Any chance the South has cruise missiles and knows the location of the summer mountain homes of the top NK leaders? Maybe laying waste to their loyalty booty might be the right kind of chin music.

    • China does not want this to get out of hand. It wants stability along its periphery so that it can continue to grow. It wants NK to hang on, but only just. It wants NK as a buffer against the US, SK, and Japan but not as a genuinely out-of-control rogue who feels like it can kill 50 people with impunity. China cares.

      • So then China will take action against NK (public or private). China will indeed rein them in correct? Punish NK for its actions in this case and make sure that they don’t do this in the future. Or I should say impress on NK that this sort of action is counter-productive to its overall design for the region.

        I think don’t think that the situation is going to get out of hand because retaliation is not an optioin.

        But also by your response you have sunk your own argument, I think.

        Why would China do this:

        “Strategic restraint on the Cheonan sinking might be a way to convince China to finally stop defecting over North Korea.”

        if they want this:

        “It wants NK to hang on, but only just. It wants NK as a buffer against the US, SK, and Japan”

        Also, doesn’t the NK state kill hundreds of it citizens with impunity? Prop up the Robert Mugabe regime in Zim (probably with direction from China)? Also as Kimchee GI noted, NK has been exhibiting this sort of behavior for a while.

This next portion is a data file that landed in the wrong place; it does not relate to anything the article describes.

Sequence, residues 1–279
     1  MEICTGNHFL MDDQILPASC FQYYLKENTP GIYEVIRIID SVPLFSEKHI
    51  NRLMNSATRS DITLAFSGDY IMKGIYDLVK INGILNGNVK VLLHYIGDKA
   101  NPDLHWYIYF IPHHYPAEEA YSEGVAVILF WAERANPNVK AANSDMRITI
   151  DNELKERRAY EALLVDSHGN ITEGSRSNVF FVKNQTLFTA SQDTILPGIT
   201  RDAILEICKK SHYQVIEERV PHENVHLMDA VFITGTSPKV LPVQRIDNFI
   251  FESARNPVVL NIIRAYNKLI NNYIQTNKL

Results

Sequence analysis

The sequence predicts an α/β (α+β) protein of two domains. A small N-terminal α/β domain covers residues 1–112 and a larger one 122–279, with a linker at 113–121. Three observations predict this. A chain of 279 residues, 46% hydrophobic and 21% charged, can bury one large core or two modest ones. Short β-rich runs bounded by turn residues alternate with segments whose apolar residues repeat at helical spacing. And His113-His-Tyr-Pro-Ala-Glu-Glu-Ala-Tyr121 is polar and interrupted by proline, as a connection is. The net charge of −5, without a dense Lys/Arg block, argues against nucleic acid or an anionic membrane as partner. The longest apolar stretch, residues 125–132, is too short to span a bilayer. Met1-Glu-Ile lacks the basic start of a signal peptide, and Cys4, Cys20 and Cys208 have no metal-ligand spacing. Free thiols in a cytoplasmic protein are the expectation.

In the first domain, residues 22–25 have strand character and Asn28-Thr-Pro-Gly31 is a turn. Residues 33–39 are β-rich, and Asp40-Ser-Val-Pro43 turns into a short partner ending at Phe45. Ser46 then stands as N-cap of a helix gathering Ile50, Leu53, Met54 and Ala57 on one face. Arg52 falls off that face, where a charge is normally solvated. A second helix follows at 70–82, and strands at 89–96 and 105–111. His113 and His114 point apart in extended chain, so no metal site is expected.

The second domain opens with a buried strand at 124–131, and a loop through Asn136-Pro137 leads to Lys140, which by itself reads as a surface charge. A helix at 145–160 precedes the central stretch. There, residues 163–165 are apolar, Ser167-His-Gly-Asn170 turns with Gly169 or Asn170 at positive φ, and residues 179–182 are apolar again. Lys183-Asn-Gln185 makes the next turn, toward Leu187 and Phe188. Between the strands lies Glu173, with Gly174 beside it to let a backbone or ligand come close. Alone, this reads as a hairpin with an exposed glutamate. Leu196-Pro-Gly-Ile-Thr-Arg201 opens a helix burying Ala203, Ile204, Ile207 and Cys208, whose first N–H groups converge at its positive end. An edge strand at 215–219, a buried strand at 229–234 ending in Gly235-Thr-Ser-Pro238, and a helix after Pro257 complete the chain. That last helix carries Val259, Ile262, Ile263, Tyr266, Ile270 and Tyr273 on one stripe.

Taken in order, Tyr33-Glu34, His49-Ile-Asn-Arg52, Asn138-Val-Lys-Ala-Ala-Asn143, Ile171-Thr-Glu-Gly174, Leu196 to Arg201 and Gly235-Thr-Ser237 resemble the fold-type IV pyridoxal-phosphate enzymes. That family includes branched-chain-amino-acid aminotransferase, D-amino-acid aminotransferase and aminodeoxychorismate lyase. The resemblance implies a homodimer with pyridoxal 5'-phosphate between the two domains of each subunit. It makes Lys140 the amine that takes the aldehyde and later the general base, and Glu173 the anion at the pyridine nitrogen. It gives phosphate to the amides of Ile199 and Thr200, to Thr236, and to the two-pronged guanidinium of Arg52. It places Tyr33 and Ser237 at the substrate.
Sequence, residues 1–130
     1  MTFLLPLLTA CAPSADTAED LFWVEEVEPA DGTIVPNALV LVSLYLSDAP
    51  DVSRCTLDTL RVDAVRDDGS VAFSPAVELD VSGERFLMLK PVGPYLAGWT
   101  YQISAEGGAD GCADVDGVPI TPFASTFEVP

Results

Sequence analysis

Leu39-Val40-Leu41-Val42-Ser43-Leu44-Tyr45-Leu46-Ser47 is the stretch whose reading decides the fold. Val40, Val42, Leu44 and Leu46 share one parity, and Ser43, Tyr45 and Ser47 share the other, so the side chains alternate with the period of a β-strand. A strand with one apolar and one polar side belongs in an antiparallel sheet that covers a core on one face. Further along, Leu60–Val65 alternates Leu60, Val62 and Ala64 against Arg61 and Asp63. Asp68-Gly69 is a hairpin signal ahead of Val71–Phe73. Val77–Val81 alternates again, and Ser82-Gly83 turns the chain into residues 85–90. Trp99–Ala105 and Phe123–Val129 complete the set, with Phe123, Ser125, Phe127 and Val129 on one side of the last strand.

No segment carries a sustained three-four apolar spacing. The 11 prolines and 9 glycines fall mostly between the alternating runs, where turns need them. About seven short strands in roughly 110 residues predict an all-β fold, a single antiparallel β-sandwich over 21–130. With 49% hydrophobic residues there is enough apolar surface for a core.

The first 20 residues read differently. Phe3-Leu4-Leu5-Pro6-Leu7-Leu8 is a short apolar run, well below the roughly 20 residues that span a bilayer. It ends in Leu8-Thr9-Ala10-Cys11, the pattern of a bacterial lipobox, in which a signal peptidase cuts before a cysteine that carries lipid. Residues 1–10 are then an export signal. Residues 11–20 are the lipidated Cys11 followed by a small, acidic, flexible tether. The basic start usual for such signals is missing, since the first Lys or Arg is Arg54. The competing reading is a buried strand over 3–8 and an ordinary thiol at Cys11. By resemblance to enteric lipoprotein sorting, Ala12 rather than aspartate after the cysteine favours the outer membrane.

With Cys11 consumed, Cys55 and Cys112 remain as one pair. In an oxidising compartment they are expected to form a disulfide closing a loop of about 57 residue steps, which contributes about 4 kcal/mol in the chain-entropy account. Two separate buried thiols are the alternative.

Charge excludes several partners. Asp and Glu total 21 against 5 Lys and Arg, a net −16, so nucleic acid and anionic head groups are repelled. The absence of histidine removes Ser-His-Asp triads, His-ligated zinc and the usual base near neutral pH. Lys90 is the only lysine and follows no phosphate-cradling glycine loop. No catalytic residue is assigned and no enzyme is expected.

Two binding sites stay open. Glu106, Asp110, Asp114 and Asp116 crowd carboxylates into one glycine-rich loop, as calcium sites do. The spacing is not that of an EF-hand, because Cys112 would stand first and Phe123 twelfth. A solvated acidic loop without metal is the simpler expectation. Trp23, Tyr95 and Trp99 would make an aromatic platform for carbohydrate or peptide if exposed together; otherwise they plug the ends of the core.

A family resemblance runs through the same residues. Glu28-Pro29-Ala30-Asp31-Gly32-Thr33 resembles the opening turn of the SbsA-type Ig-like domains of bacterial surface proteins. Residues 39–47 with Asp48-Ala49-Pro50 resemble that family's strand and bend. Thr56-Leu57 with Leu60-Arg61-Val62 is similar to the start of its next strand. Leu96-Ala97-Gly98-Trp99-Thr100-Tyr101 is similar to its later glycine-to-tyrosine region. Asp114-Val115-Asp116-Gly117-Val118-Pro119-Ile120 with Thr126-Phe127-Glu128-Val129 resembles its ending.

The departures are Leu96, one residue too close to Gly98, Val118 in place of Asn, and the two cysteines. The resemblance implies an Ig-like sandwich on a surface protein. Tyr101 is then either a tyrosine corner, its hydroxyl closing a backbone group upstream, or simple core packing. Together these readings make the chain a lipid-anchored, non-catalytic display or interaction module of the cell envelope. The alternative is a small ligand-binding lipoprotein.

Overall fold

I agree that China wants to prosper and maintain stability along its periphery, but I also think that China knows/feels that/ it is the Master in the regioin so they might want to have it both ways. I am not an expert on China but this is my impression.

        I think that we should revisit this post the next time that NK gets near to becoming a genuine out-of-control rogue, again.

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  8. “On July 12, 2007, the second intercepted North Korean freighter was sunk in the Arabian Sea by torpedoes fired from a US submarine 100 miles southeast of the Iranian naval base-port of Chah Bahar.”
    If a Chinese-made Yu-3 type torpedo is presumed to have hit the Navy corvette, why don’t go and invade China.
    If they want to kill each other, let them do it till get tired and quit. They are in war since 1950.